No doubt you have heard of “advance directives” – guidelines for your carers, guardians or doctors on what do to in the event that you are not competent to instruct them. Right-to-die associations often promote them as a way of avoiding life with dementia.

But what if the people with the power to “pull the plug” refuse? Advance directives are not currently legally enforceable in most jurisdictions.

Two bioethicists, Margaret Battin and Brent M. Kious, writing in The Hastings Center Report, an agenda-setting bioethics journal, have proposed a solution: an implant which automatically triggers the release of a lethal drug at some stage after the onset of dementia. It works like this: 10-9-8-7-6-5-4-3-2-1-you’re dead! Quite straightforward.

Anyone competing in the Weird Methods of Assisted Suicide Tournament has to contend with the World Number 1, Dr Philip Nitschke. The Australian activist is the inventor of the Exit Bay, the CoGen carbon monoxide device, the Peaceful Pill, the nitrogen suicide bag, and the Sarco self-sealing coffin. Battin and Kious have gone game, set and match with Nitschke. Demented people cannot use his devices; they could use the “advance directive implant”.

But not yet. Their scenario is merely hypothetical at the moment. As Dr Nitschke would have told them, designing a foolproof suicide device is not child’s play. Any fool can commit suicide; the trick is doing it peacefully – “to die of a rose in aromatic pain”, as the poet put it. It’s not easy for a demented person.

There is a precedent – Norplant. This is a matchstick-sized rod which is injected under the skin where it releases contraceptive hormones gradually. The ADI would have more functionality; it would be reversible and programmable and would cause death instantaneously. It would probably be implanted at the onset of dementia and programmed to activate according to the prognosis for the disease.

The bioethicists’ proposal reminds me of Logan’s Run, a 1976 sci-fi film. Sadly, it has not stood the test of time. “Terminally silly” and “aggressively tedious” are words used by some of its harsher critics. However, its central conceit is memorable: in a future civilisation everyone dies on their 30th birthday. In the palms of their hands they all have a “life-clock” crystal which begins blinking as they approach the “Last Day.”

The authors acknowledge that the pre-publication responses to their idea included “Yuk”, “Gross”, and “that causes me fear, disgust”.

OK, but the “yuck factor” works both ways, they say – just look at a patient with Alzheimer’s. Or read, they suggest, Philip Larkin’s gut-wrenching poem, “Heads in the Women’s Ward”.

Their nomination of Larkin as the poet laureate of assisted suicide gives away their game. Larkin, who died in 1985, was an excellent poet, but he was also the kind of guy who saw a cloud in every silver lining; a gloomy, death-obsessed, womanising curmudgeon whom the BBC called “England’s most miserable genius”. Why did they alight upon Larkin? Because he was incapable of joy.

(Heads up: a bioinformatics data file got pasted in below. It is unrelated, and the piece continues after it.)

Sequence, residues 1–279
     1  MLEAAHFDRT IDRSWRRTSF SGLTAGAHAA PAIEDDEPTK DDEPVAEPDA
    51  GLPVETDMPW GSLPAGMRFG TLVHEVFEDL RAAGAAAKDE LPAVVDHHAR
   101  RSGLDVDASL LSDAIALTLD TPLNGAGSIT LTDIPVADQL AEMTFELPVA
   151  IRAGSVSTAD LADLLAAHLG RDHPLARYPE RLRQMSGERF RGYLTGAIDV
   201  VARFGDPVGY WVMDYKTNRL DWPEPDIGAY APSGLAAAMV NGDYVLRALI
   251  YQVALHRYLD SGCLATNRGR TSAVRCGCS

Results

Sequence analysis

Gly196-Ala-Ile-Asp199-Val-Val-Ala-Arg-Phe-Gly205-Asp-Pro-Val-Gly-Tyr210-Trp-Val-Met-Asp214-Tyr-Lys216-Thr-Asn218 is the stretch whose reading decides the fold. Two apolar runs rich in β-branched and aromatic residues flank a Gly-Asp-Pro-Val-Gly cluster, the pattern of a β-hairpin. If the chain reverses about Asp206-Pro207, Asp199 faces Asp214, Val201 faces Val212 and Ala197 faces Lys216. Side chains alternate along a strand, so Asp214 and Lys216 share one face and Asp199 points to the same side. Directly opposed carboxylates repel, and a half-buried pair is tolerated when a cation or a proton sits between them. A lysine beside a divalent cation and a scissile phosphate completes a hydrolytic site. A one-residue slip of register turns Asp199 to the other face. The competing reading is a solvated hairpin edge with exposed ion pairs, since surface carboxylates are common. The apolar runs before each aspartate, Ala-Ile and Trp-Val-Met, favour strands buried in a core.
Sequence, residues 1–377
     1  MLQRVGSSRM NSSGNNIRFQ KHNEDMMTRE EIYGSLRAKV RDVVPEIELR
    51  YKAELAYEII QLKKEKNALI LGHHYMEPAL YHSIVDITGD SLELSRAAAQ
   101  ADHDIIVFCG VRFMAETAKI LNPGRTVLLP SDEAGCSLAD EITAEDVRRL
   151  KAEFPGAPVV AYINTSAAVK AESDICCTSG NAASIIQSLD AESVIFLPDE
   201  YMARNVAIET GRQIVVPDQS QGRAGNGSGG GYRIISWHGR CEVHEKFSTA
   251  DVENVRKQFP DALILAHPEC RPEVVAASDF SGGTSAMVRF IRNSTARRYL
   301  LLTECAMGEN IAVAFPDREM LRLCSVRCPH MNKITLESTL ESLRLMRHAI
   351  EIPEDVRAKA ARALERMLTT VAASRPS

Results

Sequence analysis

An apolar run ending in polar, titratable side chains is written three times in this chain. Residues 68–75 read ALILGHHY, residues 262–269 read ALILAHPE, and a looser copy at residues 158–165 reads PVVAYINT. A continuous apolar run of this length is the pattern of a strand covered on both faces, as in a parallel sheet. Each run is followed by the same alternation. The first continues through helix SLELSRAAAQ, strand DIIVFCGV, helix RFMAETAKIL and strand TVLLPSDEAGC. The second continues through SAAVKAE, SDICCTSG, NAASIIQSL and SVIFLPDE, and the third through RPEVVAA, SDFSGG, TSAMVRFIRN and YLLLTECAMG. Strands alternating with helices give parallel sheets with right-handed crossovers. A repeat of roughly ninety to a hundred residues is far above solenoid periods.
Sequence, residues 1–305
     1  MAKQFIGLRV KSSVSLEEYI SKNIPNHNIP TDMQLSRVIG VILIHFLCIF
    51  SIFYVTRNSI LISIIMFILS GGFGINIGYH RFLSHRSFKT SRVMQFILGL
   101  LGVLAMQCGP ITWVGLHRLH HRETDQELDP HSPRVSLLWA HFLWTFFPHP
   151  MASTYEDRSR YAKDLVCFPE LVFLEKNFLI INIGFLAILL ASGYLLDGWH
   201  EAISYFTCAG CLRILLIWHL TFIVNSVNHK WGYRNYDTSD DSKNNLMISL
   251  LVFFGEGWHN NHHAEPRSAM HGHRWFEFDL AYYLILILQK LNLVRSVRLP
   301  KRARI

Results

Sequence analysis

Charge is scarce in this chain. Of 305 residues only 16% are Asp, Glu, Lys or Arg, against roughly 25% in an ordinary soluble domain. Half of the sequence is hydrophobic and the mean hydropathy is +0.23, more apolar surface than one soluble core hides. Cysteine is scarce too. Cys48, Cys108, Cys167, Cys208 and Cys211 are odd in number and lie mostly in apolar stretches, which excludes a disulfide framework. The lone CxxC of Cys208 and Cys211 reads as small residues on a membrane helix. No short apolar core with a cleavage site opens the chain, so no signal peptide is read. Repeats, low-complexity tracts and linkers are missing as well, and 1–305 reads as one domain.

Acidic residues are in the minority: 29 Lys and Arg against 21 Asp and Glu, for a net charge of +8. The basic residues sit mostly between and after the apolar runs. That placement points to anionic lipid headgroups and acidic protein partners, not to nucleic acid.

And this is the lens through which Battin and Kious view the frailties of old age. No wonder they believe assisted suicide is a good idea. “For some, a life that ends in profound dementia is perhaps the worst fate one can realistically foresee,” they write.

“Even if our laws were liberalized dramatically to allow MAID by advance directive during dementia, applying those laws would remain controversial and would continue to impose great burdens on those left behind—on family members, friends, nurses, and, perhaps most acutely, on physicians called upon to act. The development of means to enable persons in the early stages of dementia to choose, while competent, the timing of their own deaths without the subsequent intervention of anyone else would go a long way to ameliorating this situation: they can get the better parts of dementia if they wish but avoid the worse parts they reasonably fear.”

In fact, they conclude, “Perhaps the greatest advantage of ADIs is that they would reduce the distress that living and dying with dementia imposes on others.”

In other words, the ADI would put them out of our misery. Silently, painlessly. All the relatives need do is sign the condolences book and listen to the executor read out the will. They don’t even have to sit at their dying grandmother’s bedside and pretend that they are grieving as a doctor gives her a lethal injection.

What amazes me is that this technological fantasy was published in one of the world’s leading bioethics journals. It doesn’t inspire much confidence in bioethicists.

I’m sure that the authors’ intentions are good. But they are intoxicated with a twisted sense of pity. Graham Greene wrote in The Ministry of Fear, a novel about a man who killed his wife rather than let her suffer: “Pity is cruel. Pity destroys. Love isn’t safe when pity’s prowling round.” Exactly.

Michael Cook

Michael Cook is the editor of MercatorNet.